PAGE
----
May 20, 2004
A revolt of rank-and-file Republicans in the state House of Representatives meant likely passage of a $7.36 billion budget plan Wednesday that would include a promise to fund all- day kindergarten in every public school by 2010.
The House worked late into the night after a group of mostly moderate Republicans united with Democrats to push for a proposal similar to a plan adopted by the Senate two weeks ago.
"It is a responsible budget," said Rep. Mark Thompson, RTempe. "We realized that we have increased revenues, and we can go ahead and fund the programs that are necessary without borrowing any money and still balancing the budget."
House Republican leaders want to spend about $200 million less than the Senate plan. Speaker Jake Flake, R-Snowflake, refused to go to the floor for hours Wednesday while trying to bring party members back in line.
But the rebelling Republicans didn’t back down, saying they wouldn’t debate a budget that had no chance of approval from the Senate or Gov. Janet Napolitano.
The Senate plan and the new House alternative are largely favorable to Napolitano, offering employee pay raises and expanding state government by about 9 percent. Conservative Republicans have been fighting to scale back the plans because the proposed spending would exceed expected tax revenue by at least $300 million.
"This looks like candy money to me," said Rep. John Allen, RScottsdale, in a late-night Republican meeting. "If you met with the right people on this redink sheet, you got something for your district."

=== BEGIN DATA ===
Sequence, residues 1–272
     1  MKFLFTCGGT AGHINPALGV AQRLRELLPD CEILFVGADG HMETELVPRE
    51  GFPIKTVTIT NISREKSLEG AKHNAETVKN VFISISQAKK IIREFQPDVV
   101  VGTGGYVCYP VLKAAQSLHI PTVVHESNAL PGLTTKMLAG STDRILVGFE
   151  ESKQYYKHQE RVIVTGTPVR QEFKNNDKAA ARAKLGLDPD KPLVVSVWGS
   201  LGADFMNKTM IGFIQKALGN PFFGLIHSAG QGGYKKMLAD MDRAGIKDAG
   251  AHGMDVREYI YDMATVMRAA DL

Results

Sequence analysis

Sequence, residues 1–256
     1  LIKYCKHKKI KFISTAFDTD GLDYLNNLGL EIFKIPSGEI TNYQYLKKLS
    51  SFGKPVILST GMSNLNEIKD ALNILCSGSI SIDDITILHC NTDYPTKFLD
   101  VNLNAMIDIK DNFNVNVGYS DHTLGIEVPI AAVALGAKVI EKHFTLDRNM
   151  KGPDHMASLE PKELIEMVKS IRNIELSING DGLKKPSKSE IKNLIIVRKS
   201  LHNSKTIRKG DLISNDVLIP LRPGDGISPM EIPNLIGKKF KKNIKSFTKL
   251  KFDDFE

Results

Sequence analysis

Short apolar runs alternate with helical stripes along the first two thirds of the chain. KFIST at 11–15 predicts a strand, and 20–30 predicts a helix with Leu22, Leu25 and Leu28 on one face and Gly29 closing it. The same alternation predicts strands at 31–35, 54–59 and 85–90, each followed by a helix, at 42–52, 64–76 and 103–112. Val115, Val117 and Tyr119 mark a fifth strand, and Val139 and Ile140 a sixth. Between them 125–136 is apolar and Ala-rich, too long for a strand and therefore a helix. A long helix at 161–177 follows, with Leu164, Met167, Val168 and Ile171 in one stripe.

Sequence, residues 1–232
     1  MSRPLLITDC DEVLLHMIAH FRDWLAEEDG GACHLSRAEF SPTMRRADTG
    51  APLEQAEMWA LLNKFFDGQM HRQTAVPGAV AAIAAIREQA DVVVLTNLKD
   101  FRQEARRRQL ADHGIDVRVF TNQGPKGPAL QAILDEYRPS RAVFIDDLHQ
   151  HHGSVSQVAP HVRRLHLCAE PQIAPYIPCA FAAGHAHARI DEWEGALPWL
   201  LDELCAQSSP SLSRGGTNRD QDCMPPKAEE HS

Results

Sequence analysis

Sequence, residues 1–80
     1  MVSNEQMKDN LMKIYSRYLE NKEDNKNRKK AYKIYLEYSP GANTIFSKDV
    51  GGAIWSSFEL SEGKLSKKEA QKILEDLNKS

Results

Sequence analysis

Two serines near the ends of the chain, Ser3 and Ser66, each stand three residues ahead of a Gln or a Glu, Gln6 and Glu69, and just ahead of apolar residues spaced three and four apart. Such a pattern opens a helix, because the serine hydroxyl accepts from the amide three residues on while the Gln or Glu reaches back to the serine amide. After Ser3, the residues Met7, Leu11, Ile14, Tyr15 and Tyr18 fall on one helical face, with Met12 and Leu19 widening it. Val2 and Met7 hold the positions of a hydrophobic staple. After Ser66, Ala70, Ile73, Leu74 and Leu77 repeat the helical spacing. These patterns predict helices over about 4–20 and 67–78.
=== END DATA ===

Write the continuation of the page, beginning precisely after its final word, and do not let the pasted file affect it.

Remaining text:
The outcome of Wednesday’s showdown means the Legislature likely won’t adopt Napolitano’s proposal for a five-year phase-in of state funding for all-day kindergarten.
The deal reached between rebelling Republicans and Democrats would provide $25 million next year for the state’s poorest schools, as Napolitano had requested. Instead of automatically expanding the program each year, the deal would instruct the Legislature to start working in 2005 to create a single, statewide plan.
Rep. Deb Gullett, R-Phoenix, said the compromise would provide additional time for lawmakers to determine the funding, an estimated $170 million to $200 million when fully implemented.
"As soon as we are done with this budget, we need to start figuring out a way to do this," said Gullett, whose district includes Paradise Valley.
Michael Haener, Napolitano’s chief lobbyist, said the governor would accept all-day kindergarten compromise.